The leaders of several major companies in Connecticut have come out in support of Gov. Ned Lamont’s transportation plan.
The Democrat announced the CT2030 initiative on Thursday. The 10-year, $21.1 billion plan is a scaled-down proposal that focuses heavily on fixing major chokepoints on Connecticut's highways and speeding up commuter rail travel times. It will be funded with mostly borrowing and 14 new bridge tolls.
The leaders of Boehringer Ingelheim, The Hartford, Travelers, CVS Health, and Stanley Black & Decker have all come out in support of the plan, saying that the investment in transportation infrastructure is essential for economic growth and urging other lawmakers to work together on solutions to make the plan a reality.
“Transportation remains a critical issue to unlock Connecticut’s economic future,” wrote Boehringer Ingelheim CEO Wolfgang Baiker in a statement. “We applaud Governor Lamont’s willingness to address transportation in the state with a comprehensive plan. Transportation significantly impacts residents and business alike. We hope state leaders will continue the conversation and take action on this important issue.”
Travelers Chairman and CEO Alan Schnitzer expressed similar sentiments, saying “improving Connecticut’s transportation infrastructure is critical for enabling economic growth. We appreciate the Governor’s leadership on this important initiative, and we encourage legislative leaders to come to an agreement and move forward together.”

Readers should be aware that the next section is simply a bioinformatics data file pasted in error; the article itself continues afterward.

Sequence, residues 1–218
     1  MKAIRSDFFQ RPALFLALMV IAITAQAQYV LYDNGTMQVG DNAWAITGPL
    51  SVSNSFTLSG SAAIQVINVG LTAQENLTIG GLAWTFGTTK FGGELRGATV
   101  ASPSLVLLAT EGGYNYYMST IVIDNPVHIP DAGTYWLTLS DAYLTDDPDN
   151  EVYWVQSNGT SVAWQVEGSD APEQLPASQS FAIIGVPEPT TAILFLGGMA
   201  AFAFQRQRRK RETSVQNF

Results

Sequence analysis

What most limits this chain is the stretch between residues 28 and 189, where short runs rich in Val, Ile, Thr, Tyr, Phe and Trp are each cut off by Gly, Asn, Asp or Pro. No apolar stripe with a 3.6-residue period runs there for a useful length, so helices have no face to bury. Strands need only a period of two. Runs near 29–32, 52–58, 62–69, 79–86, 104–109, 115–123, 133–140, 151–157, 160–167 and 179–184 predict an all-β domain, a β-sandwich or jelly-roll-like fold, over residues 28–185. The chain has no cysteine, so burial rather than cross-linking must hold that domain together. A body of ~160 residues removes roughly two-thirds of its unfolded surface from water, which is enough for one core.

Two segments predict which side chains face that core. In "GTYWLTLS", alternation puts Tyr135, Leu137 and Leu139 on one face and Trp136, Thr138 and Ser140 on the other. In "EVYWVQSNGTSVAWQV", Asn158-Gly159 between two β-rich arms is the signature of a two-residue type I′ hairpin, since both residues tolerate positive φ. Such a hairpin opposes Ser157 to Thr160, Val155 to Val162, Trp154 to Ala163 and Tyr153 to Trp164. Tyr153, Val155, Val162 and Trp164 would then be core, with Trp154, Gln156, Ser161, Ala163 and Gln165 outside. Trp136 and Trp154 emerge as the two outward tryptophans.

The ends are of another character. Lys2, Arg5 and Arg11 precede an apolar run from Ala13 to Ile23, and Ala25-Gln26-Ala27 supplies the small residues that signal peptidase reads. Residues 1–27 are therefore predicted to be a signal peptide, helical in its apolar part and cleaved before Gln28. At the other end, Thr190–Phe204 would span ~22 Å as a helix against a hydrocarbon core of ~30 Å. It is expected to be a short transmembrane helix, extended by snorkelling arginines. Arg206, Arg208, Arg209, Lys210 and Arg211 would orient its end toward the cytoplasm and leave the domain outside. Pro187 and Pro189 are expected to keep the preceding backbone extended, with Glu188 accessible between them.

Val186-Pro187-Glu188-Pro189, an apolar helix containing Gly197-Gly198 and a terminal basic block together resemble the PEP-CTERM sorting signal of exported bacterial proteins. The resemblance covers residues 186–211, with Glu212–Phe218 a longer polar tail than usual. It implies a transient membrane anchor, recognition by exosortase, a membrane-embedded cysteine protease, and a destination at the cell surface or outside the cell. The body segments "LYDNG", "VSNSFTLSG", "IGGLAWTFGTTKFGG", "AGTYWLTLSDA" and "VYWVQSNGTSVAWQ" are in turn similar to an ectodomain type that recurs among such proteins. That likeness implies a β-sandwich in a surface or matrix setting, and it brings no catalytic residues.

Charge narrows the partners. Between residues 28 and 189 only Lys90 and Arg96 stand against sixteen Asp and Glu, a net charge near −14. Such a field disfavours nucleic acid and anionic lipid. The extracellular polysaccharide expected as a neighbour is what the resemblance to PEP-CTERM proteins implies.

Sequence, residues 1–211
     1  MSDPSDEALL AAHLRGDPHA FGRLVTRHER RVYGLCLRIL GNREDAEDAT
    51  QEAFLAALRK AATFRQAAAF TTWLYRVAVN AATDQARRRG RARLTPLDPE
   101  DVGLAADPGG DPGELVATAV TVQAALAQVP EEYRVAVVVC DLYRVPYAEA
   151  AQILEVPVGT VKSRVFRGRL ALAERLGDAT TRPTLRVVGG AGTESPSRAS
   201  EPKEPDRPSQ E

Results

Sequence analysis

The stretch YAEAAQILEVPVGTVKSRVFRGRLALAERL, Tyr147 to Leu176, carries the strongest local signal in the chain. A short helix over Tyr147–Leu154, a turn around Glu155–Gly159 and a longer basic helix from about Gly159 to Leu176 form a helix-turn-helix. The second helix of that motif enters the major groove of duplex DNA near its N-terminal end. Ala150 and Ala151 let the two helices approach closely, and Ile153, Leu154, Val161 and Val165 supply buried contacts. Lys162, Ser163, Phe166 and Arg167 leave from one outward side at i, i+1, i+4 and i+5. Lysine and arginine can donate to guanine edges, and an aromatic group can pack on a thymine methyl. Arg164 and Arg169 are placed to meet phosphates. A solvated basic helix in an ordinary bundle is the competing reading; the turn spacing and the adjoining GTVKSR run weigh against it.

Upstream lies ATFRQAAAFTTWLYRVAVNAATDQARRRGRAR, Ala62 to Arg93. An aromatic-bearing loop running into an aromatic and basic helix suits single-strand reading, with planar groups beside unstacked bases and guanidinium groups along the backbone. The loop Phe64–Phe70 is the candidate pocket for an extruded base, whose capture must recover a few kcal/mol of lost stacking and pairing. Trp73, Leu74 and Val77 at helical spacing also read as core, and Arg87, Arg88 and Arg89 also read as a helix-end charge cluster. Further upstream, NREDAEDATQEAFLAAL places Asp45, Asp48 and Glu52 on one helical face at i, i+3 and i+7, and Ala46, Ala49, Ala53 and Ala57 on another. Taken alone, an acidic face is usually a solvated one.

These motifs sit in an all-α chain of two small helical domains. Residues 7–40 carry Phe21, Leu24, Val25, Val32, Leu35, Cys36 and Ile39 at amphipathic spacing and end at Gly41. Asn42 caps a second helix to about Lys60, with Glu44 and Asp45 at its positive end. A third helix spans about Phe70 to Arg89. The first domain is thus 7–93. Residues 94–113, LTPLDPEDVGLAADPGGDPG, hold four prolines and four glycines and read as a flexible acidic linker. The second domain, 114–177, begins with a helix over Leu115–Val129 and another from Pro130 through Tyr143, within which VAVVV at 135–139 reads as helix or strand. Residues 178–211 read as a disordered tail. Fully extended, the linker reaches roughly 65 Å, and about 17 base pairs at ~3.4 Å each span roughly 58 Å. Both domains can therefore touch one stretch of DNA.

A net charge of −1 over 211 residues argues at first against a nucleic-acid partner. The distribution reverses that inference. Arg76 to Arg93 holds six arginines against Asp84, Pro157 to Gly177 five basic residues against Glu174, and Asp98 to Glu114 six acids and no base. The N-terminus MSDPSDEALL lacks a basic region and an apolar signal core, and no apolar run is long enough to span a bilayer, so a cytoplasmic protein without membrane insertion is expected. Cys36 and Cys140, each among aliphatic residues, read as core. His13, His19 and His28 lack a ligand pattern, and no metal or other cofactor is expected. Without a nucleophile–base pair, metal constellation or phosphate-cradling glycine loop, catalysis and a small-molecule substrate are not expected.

The Motor Transport Association of Connecticut, which represents many small businesses, is opposed to the plan, saying they are looking for a plan that does not include tolls.
“MTAC represents hundreds of small businesses in the State of Connecticut, and we are opposed to tolling existing highway lanes or bridges. The average 18-wheel tractor trailer in Connecticut already pays more than $17,000 in state and federal road taxes annually, and the state gets up to $30 million per year from out-of-state trucks traveling in Connecticut. The road taxes paid by these trucking companies, and other small businesses and individuals, are too often spent on things that have nothing to do with transportation. The best way to relieve highway congestion and improve Connecticut’s infrastructure is to ensure that our road taxes are spent on roads and bridges, so that we can replicate good projects like the recently completed I-84 Waterbury project, which did not require tolls," MTAC President Joseph R. Sculley said in a statement.
The founder of No Tolls CT said the new support from corporate leaders does nothing to change their feelings.
"The question is do the employees of those companies have those same views. I would also ask is the governor going around and speaking to the small businesses in Connecticut that are struggling to survive," said No Tolls CT Founder Patrick Sasser. "I understand that people want to see the roads go faster. I'd like to see that myself, but do we continue putting this burden on the taxpayers of Connecticut year after year?
The plan devotes $14 billion toward road projects designed to ease traffic on the state’s highways. Another $7 billion would be spent on buses and rail over the next ten years, including the purchase of new Metro-North trains and investments to lower train travel times by 10 to 15 minutes.
This is the plan included in CT 2030
Several iterations of the governor’s original plan included between 50 and 80 tolls. Each one was met with enough skepticism this spring that the Democrat-controlled House and Senate declined to even take them up for a vote. Republicans have repeatedly said they would not approve a plan that includes tolls.
A spokesperson for the governor said that the companies supporting CT2030 aren't just endorsing tolls, but improvements for Metro-North and Connecticut's highways, among the many plans in the proposal.